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Training: 12 Tips for Correct Lungeing

lungeingLungeing is a useful tool for many of us, especially when we’re short on time, unable to ride, or working with restricted daylight/riding hours.

It’s a good alternative to riding when done properly and provides part of the framework for developing ridden work, bringing on youngsters, and working horses who cannot wear tack due to wounds or rubs.

It’s also useful for building enhanced relationships between horse and rider through communication with body language and voice.

Follow these 12 top tips to ensure you’re lungeing correctly:

  • Keep sessions short. Start with 15 minutes and then increase as the horse becomes fitter. Generally no more than half an hour, as lungeing is HARD WORK
  • Circles should be 15m diameter in walk and trot, and 20m in canter. You can adjust as required
  • Organise your lunge line, keep it tidy and off the ground. Avoid twists – and think of your lunge line as a rein
  • Learn feel. Try to “feel” the mouth of your horse through the lungeline, be soft and give a consistent light contact as you would with the reins
  • Stick happy. Ensure long whips gently accompany the movement from behind, and are not aimed towards the horse’s body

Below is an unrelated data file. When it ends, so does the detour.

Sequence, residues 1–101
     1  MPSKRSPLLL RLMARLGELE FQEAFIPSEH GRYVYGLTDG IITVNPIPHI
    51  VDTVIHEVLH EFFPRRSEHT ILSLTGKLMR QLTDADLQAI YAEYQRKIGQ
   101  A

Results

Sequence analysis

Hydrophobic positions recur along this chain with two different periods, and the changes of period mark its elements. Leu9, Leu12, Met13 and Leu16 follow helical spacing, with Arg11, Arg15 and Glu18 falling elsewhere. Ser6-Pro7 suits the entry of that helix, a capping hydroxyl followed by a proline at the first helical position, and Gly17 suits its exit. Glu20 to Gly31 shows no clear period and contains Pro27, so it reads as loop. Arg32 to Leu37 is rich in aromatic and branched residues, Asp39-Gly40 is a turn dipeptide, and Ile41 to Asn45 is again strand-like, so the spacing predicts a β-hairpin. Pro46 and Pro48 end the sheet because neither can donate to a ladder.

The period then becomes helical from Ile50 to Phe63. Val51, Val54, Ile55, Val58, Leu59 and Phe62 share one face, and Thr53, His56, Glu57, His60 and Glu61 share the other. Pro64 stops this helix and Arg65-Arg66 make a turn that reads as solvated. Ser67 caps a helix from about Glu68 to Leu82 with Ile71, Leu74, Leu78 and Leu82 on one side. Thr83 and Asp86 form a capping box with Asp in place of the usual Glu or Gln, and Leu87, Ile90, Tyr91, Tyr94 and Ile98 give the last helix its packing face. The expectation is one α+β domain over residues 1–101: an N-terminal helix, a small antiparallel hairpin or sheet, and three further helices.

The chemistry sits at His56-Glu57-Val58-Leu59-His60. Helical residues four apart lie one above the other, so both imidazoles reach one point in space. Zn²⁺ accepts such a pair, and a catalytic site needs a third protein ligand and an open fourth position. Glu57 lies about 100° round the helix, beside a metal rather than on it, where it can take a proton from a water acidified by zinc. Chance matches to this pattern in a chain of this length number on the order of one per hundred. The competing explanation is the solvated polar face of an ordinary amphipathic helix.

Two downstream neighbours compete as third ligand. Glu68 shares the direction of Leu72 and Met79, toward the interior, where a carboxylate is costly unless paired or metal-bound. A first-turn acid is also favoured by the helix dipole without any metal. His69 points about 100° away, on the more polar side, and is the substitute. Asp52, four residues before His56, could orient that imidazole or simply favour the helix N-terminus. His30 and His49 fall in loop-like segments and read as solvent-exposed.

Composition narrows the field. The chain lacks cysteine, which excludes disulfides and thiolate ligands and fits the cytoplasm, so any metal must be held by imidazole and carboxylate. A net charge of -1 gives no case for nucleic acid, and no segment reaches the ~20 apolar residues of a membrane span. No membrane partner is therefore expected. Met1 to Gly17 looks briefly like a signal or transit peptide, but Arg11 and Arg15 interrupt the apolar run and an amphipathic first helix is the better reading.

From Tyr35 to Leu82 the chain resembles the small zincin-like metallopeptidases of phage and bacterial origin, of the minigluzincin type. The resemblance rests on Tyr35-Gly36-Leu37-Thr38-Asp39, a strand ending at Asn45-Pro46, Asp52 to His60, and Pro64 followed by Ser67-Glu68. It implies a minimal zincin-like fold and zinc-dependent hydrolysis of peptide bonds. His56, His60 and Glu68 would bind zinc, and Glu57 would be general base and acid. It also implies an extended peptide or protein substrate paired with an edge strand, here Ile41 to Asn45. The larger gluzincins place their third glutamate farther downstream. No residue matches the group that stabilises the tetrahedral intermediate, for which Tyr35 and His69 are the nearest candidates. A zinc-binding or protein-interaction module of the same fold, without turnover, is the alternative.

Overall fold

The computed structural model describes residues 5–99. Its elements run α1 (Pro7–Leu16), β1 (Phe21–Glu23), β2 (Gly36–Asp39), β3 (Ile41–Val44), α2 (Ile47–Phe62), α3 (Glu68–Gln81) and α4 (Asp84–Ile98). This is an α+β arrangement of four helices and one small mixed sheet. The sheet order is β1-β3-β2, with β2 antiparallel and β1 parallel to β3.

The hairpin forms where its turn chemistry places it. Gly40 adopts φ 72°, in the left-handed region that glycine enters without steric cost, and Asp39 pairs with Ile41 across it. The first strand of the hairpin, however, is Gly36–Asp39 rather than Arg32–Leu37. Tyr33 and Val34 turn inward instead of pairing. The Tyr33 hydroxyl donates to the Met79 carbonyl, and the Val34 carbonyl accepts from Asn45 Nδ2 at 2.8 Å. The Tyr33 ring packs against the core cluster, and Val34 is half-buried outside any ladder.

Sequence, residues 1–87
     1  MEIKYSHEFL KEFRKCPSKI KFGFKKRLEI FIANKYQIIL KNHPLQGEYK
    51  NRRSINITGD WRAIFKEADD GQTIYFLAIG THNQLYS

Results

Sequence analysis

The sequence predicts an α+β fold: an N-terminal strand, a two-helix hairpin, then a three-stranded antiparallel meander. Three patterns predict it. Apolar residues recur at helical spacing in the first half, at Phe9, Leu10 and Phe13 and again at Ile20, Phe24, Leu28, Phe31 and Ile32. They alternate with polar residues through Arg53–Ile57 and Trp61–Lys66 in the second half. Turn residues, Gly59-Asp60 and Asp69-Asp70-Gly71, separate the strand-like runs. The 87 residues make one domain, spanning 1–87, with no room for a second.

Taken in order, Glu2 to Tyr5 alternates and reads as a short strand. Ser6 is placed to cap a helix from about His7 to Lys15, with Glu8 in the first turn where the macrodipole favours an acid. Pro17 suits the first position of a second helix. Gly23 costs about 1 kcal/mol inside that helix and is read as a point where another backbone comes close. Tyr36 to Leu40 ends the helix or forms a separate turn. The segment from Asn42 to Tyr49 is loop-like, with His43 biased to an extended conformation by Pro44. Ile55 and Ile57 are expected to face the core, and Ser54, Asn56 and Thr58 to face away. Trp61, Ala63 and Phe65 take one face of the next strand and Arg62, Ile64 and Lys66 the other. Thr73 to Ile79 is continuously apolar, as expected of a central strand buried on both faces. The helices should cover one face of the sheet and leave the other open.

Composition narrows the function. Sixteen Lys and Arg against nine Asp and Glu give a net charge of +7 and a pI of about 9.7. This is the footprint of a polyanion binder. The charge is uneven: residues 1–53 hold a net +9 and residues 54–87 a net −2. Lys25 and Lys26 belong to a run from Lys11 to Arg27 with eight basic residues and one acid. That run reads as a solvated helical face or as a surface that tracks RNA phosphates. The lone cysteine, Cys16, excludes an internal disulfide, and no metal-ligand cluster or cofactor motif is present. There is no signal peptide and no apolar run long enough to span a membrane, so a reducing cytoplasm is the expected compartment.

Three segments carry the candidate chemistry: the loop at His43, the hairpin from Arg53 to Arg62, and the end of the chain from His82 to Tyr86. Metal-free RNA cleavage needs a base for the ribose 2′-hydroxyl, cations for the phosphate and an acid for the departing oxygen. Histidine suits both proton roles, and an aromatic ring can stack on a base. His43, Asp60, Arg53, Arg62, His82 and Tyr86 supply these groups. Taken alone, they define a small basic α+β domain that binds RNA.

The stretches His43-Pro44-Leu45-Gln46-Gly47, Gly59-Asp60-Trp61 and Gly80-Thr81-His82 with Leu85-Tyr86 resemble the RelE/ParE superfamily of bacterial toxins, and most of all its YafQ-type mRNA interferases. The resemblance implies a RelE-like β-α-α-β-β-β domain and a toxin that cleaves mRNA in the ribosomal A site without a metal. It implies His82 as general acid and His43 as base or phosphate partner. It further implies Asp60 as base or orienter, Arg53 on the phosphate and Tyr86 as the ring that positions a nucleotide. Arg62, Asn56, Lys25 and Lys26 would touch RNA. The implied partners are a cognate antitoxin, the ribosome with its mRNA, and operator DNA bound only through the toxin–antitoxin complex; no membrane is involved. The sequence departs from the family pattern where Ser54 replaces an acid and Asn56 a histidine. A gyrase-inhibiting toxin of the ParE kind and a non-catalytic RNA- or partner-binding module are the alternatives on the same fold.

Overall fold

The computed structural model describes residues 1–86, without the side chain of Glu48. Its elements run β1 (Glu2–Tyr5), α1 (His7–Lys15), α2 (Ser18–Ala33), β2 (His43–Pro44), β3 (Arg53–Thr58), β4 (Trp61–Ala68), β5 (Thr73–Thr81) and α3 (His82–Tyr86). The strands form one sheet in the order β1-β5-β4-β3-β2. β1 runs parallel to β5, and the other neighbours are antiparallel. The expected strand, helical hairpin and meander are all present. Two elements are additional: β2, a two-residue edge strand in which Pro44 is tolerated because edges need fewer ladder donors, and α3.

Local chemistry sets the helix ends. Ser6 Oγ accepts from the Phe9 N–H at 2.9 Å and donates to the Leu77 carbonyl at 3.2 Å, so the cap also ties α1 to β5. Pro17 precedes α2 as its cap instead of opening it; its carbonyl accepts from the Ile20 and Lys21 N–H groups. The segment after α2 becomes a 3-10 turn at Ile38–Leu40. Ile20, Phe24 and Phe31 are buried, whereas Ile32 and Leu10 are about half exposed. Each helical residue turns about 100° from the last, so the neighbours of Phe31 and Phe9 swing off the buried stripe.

• Create a triangle. Position your arms to angle lungeline-horse-whip
  • Bit safety. If you are not using a lunge cavesson, never attach the lunge line solely to the inside ring of the snaffle, put the lunge line through to the outside ring – I personally do a loop with the line on the inside ring then attach to the outside ring across the chin to help create a more even “contact” on both sides
  • Create boundaries. If you don’t have a round pen, it can be useful to section off an area of the school or the corner of the field with wings and some plastic/barrier tape when working young or inexperienced horses
  • Give breathers. Lungeing is hard work so allow and encourage your horse to stretch its neck during the lungeing session
  • Work correctly. Maintain a speed and pace that is sustainable for your horse, making sure he’s working in softness and balance. Remember that only by going slowly will the horse use himself
  • Reducing speed! If your horse is fresh and he’s galloping in the circle don’t try to calm him down by tightening the circle, use your voice and body language instead – galloping in small circles can cause injuries
  • Safety. Always wear gloves to avoid rope burns and we recommend a hard hat, especially if your horse is young or you expect him to be very fresh

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If you have any questions on equine supplements, and want to improve your horse’s health, performance, or attitude give our friendly team a call 01672 541 157 for advice. We won’t try and hard sell you anything – we promise.

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Posted in General, Riding Tips, training
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